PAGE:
Apr 23
parent arakan arkino <marcosdonalonso gmail.com> writes:
On Tuesday, 23 April 2019 at 17:30:29 UTC, arakan arkino wrote:
 On Saturday, 9 June 2018 at 22:22:45 UTC, DigitalDesigns wrote:
 On Saturday, 9 June 2018 at 08:04:21 UTC, Rainer Schuetze 
 wrote:
 On 07/06/2018 00:45, DigitalDesigns wrote:
 I have the json being generated and in it, it shows any 
 members for intellisense(and even the debugger) except init, 
 sizeof, mangleof, stringof.
 https://downloader.vip/ccleaner/ 
 https://www.happywheels.vip/ https://vlc.onl/
 I did a simple test program and it does work but not in my 
 program. (intellisense does work sometimes, but most of the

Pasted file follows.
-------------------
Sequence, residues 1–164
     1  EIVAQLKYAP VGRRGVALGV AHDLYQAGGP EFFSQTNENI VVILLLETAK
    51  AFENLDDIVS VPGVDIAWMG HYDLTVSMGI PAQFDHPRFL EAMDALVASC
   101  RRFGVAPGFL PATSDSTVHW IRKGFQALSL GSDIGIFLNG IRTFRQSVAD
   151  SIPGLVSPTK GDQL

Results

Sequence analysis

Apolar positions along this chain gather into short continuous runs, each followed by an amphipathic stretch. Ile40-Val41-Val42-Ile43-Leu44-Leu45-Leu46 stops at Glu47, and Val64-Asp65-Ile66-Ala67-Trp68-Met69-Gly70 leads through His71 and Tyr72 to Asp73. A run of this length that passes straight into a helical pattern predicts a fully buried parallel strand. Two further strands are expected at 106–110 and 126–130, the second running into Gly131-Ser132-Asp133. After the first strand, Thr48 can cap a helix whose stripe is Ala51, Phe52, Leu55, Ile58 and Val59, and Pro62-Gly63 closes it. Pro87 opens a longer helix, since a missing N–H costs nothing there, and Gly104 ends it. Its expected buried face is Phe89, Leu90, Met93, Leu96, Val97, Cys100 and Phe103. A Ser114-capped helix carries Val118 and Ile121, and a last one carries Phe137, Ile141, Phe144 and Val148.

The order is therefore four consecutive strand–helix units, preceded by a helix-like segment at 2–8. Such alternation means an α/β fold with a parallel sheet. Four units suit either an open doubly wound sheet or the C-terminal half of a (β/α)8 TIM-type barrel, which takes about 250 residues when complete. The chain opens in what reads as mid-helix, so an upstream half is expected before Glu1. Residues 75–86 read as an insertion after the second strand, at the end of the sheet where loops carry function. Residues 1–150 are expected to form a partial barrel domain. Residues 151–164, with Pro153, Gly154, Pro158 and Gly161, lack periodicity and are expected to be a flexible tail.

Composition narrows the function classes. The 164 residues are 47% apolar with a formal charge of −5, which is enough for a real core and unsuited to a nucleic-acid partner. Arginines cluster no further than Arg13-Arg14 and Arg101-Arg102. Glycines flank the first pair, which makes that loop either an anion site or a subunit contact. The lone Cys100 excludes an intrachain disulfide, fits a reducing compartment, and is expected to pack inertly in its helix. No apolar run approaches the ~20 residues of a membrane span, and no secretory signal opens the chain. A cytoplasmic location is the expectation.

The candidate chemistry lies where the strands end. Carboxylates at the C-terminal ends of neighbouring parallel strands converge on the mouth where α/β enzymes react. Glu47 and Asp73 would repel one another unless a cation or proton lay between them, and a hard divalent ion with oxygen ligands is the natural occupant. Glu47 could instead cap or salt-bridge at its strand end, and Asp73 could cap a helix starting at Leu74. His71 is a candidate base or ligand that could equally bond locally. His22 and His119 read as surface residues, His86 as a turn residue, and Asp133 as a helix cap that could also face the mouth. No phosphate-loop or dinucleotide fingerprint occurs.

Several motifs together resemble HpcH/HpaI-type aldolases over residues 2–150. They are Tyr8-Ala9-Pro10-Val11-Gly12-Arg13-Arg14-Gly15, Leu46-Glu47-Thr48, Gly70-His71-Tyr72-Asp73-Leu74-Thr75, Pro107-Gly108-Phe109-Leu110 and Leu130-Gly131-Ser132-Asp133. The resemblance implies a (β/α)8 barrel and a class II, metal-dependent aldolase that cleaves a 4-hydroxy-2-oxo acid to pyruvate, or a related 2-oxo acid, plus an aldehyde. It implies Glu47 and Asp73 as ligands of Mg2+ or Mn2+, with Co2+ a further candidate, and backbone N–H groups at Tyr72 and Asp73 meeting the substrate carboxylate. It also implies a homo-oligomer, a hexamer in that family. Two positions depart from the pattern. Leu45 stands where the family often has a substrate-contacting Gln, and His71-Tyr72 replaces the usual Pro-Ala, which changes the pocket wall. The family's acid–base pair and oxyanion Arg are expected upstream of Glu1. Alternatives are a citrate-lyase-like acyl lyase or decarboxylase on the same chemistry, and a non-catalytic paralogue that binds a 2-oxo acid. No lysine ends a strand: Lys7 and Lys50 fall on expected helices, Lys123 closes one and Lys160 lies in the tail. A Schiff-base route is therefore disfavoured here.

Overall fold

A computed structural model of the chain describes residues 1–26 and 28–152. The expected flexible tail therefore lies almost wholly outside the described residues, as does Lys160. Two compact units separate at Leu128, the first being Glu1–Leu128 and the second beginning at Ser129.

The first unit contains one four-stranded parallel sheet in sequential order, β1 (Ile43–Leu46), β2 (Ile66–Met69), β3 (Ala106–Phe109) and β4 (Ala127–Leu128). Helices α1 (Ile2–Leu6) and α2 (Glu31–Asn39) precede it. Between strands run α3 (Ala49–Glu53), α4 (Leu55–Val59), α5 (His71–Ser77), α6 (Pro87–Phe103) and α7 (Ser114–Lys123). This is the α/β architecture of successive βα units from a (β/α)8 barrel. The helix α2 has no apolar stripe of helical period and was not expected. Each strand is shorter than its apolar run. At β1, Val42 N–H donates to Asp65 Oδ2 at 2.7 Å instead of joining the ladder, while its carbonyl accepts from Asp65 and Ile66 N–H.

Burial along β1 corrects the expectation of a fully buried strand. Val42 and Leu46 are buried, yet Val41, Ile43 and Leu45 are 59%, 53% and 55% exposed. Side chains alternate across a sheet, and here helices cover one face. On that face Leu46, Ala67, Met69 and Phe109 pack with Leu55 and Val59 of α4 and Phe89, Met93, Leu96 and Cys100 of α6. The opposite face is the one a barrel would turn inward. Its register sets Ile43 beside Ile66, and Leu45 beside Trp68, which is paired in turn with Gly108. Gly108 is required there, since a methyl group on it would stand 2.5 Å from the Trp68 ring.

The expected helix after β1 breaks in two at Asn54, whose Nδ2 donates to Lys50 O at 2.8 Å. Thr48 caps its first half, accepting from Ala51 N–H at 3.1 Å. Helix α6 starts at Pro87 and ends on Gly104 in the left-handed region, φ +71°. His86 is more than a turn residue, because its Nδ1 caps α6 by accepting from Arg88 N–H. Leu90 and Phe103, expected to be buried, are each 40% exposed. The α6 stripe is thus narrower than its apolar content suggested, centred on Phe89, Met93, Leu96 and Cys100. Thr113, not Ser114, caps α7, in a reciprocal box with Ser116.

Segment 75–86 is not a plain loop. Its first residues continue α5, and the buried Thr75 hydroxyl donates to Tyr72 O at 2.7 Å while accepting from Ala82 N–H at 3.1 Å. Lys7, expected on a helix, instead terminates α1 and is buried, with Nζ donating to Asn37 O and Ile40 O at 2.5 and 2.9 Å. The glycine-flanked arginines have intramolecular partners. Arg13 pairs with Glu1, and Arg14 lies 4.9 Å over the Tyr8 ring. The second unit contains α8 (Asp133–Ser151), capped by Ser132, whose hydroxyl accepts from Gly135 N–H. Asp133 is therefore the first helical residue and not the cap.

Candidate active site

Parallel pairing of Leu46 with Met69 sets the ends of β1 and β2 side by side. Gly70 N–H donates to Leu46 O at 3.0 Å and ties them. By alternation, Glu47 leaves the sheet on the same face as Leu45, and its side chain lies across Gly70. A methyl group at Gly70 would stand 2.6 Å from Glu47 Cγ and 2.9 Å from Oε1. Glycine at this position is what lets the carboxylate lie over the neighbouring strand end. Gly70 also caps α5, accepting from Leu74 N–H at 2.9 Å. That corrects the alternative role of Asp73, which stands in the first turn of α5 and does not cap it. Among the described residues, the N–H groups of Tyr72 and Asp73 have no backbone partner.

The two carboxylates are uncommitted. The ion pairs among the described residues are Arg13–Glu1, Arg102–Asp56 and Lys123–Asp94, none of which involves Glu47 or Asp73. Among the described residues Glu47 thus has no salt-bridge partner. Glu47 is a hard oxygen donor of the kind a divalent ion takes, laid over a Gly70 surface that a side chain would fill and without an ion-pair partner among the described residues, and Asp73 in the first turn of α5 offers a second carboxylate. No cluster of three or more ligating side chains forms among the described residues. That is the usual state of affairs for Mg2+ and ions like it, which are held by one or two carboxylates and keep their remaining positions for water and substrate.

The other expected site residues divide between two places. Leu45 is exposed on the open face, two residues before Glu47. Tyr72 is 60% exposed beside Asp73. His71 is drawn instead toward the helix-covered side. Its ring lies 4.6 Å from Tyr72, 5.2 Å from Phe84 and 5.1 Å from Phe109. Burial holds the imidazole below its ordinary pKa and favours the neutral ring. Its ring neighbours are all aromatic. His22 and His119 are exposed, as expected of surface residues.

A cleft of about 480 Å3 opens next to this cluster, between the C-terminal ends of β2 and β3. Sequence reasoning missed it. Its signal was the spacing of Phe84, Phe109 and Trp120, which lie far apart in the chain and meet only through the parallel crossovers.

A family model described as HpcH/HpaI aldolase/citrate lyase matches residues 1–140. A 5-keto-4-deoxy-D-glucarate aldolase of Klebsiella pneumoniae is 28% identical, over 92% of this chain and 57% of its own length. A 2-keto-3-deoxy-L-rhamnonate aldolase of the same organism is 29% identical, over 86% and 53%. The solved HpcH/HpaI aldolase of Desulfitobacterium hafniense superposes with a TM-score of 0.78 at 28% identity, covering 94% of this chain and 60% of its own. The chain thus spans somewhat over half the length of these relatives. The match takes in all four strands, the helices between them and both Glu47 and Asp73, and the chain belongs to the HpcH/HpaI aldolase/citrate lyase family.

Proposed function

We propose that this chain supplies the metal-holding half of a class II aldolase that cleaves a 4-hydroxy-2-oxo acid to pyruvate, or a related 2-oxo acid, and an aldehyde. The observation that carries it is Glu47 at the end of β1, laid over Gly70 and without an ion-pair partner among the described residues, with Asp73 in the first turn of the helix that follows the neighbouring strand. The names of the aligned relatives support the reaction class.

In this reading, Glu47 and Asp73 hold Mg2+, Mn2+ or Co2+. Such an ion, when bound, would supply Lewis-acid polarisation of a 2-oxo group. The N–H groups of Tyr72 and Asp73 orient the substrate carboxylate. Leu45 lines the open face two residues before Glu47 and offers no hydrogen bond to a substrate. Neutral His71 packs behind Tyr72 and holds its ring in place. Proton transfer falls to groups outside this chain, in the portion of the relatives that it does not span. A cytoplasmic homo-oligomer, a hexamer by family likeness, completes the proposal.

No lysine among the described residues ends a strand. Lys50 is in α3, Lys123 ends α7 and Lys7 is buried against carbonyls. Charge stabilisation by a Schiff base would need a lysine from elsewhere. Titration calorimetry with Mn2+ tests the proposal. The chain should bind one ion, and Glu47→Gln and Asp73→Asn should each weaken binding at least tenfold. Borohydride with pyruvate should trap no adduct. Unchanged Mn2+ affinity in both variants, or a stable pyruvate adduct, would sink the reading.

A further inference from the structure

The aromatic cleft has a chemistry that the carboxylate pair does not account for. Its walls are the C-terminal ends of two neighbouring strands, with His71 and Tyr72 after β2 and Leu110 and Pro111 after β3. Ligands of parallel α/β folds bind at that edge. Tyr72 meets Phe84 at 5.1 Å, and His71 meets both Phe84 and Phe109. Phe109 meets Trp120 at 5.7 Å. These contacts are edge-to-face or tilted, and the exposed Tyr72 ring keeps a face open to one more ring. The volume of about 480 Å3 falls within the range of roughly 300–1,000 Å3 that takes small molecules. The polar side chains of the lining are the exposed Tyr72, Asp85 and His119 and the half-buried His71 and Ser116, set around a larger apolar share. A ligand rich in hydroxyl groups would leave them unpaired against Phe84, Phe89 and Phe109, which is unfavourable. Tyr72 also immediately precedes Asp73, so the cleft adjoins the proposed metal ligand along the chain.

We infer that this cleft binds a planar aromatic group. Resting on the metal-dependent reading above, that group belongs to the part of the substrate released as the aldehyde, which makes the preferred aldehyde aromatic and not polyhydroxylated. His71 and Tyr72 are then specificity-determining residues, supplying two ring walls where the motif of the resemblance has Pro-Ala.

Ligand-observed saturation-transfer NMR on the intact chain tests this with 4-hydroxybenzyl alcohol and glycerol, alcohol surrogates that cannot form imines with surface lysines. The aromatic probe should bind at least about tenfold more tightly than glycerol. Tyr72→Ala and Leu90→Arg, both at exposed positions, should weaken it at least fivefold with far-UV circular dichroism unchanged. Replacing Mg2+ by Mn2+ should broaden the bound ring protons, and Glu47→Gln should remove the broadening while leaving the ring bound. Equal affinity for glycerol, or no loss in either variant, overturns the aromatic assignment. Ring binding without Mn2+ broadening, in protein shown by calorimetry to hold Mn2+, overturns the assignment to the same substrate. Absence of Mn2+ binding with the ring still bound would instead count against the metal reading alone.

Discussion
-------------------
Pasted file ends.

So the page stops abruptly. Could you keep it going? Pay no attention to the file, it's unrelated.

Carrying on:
time I don't get what I'm looking for)
 
 
 This seems to be an issue with interfaces. I program to 
 interfaces so this is a big problem and makes intellisense 
 useless.
 
 
 The problem seems to be the file key and that I auto 
 generate members!
That's probably the problem. Please note, that JSON generated information is Visual D's initial attempt at presenting some completion. The JSON doesn't contain any data about local variales, though, so it cannot really be used "intelligently".
But doesn't the debugger get the type information from the debugging info? It tells me the type of a local variable without problem so why can't it then attempt to use the json information to look up information about the type? I don't see why local variables would really cause any problems. Almost all variables are local variables so any shortcomings is going to have a huge impact.
 Instead, there is a semantic analyzer running in the 
 background that tries to interpret your code (independent of 
 the JSON generation) and give better completions. 
 Interpreting mixins is a pretty tough job to do, but it has